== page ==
- If you are outside wear a hat and light loose-fitting clothes, preferably natural fibres
- Go to an air-conditioned building in your local area to cool off, such as a shopping mall or swimming pool
Check on your neighbours, friends and family
Consider family members, friends or neighbours who may need extra assistance in planning for hot days.
Check on friends and neighbours when it is hot, especially if they are elderly, have a medical condition or are alone.
Drink regularly, even if you do not feel thirsty. Water and fruit juice are best.
Avoid alcohol, tea and coffee and sugary drinks as they make dehydration worse.
Eat small, regular meals rather than large meals, with more cold food, such as salads and fruit that contain water.
You can find free tap water wherever you need it on the Choose Tap website.
Splash yourself several times a day with cold water, especially your face and the back of your neck. Putting a loose, cotton, damp cloth or scarf on the back of the neck can also help you stay cool.
Reduce heat from sunlight coming through the windows using external shades or light-coloured curtains.
Ensure there is enough air circulation, either from an air conditioner or by leaving a secured window or door open.
Keep an eye out on people who are sleeping rough
Extreme hot weather conditions can have an impact on people who are sleeping rough.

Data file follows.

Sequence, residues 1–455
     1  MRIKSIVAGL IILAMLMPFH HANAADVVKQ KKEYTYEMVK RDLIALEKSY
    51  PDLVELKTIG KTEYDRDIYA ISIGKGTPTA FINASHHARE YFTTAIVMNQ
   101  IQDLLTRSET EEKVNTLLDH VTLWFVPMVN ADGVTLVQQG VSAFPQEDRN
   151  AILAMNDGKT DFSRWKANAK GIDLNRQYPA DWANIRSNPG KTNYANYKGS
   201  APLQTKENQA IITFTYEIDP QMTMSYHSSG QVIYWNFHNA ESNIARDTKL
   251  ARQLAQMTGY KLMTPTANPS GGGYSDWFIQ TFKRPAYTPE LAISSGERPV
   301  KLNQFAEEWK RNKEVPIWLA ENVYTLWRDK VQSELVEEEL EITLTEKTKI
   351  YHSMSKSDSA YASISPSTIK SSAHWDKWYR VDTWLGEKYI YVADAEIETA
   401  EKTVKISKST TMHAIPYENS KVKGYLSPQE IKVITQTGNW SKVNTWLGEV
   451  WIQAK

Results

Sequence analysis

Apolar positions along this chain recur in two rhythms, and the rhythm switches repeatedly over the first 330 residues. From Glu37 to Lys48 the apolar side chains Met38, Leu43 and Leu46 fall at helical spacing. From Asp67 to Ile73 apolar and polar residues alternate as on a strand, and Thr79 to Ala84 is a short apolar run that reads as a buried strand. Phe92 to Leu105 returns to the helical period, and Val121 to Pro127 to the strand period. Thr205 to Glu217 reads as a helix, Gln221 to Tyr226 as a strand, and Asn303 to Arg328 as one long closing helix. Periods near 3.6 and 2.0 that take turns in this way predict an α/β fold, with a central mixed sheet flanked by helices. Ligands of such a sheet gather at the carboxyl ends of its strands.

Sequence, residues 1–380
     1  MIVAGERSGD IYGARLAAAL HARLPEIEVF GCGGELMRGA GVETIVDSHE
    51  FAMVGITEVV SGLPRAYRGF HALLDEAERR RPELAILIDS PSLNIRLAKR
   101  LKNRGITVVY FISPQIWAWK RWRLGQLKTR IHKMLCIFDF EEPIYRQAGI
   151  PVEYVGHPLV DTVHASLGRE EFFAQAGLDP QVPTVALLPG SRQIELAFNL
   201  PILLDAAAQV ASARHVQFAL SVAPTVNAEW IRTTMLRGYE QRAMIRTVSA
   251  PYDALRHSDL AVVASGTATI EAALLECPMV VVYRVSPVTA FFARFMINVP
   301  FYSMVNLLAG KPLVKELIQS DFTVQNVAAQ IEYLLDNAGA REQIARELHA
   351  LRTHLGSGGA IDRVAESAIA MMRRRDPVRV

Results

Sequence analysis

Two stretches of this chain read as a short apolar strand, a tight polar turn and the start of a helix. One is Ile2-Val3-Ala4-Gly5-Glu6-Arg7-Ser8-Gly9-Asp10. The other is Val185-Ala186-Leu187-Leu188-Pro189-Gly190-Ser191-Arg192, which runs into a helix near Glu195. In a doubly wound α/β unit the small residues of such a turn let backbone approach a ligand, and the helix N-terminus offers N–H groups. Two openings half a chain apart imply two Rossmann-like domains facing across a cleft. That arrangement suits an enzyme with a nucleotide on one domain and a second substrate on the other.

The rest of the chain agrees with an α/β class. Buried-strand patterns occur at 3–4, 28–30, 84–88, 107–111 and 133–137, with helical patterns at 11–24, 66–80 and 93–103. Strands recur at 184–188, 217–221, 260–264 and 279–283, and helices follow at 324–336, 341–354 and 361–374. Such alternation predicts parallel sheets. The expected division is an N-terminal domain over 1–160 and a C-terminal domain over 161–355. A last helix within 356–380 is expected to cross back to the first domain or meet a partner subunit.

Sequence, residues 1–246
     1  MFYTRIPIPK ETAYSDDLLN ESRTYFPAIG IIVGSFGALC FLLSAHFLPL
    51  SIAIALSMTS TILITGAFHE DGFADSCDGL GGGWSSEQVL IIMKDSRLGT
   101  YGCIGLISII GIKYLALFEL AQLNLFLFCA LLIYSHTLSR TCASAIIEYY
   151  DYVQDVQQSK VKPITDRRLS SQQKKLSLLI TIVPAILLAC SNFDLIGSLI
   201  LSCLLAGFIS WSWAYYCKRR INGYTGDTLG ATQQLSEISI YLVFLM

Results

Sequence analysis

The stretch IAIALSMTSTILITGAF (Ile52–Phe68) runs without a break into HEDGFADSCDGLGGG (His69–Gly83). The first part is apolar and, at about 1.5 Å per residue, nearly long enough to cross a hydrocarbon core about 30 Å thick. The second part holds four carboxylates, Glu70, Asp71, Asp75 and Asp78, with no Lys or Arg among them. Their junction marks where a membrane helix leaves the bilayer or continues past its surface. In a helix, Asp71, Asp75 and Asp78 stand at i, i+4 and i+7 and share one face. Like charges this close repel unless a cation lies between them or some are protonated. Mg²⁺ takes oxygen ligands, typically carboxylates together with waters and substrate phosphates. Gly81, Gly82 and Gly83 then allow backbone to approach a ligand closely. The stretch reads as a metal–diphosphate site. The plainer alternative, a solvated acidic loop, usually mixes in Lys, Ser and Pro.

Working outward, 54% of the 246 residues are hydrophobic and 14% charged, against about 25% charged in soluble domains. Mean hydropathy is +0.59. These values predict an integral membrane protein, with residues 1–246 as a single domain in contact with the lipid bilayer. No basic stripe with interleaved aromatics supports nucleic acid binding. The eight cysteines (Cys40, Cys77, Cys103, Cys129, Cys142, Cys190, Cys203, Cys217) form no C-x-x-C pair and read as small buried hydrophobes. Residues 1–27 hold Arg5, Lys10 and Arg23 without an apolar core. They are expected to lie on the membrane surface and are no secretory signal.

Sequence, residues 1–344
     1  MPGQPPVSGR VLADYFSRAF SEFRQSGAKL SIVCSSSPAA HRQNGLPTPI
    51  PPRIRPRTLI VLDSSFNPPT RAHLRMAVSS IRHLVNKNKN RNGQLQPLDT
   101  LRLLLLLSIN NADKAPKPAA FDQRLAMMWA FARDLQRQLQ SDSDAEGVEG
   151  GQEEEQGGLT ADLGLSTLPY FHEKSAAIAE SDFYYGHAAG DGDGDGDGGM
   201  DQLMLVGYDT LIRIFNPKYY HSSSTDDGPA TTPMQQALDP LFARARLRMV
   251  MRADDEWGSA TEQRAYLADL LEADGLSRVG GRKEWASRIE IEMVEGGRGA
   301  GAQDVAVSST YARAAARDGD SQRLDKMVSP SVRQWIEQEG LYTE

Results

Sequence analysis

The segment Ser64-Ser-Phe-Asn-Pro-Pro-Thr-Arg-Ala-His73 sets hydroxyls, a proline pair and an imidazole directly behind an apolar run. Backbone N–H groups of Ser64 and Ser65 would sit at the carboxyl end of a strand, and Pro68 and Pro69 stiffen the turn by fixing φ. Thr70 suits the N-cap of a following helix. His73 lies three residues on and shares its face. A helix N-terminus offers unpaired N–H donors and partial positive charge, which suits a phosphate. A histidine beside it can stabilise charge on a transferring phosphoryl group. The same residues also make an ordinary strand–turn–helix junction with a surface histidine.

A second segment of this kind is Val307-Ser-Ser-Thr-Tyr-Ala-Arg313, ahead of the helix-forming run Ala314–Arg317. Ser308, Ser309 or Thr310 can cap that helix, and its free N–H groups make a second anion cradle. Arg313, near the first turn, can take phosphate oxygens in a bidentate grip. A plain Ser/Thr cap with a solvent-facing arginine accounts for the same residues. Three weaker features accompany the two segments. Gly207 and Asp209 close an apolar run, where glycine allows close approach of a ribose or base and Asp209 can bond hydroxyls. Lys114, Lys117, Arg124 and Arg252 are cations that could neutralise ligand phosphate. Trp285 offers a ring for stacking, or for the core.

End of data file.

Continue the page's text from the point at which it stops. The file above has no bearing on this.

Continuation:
Never leave people and pets in a hot car
Do not leave people or pets in a hot, parked car, especially children and the elderly. There are no excuses and no exceptions.
Look after your pets
Ensure there is water inside and out and plenty of shade in the backyard.
Pavement heat can be intense and can burn. Make sure you don't walk a dog on hot pavement.
On very hot days allow your pet to stay inside, especially older pets, with water available.
Ensure that other pets, such as birds, ferrets, rabbits and guinea pigs, have shade and water.
If you or someone you know is unwell, you can call the nurse-on-call service on 1300 606 024 for 24-hour health advice or contact your local doctor for advice.
Heatwave and heat-related illness
A heatwave is an extended period of very high temperatures, often with humidity. Excessive heat is when the temperature stays close to 10 degrees above the average temperature.
Heatwaves can affect anybody, including the young and healthy, but there are certain people more at risk. People over 65 years old, people with a chronic medical condition or disability, and people living alone or socially isolated are at higher risk.
Heat-related illness can occur when the body is unable to adequately cool itself. The body normally cools itself by sweating, but sometimes sweating isn’t enough and the body temperature keeps rising.
Extreme hot weather can cause heat-related illnesses, such as rash or heat cramps, heat exhaustion, and even heat stroke which may be fatal. Heat can worsen the condition of someone who already has a medical condition such as heart disease.
You can find Better Health Channel website you can find: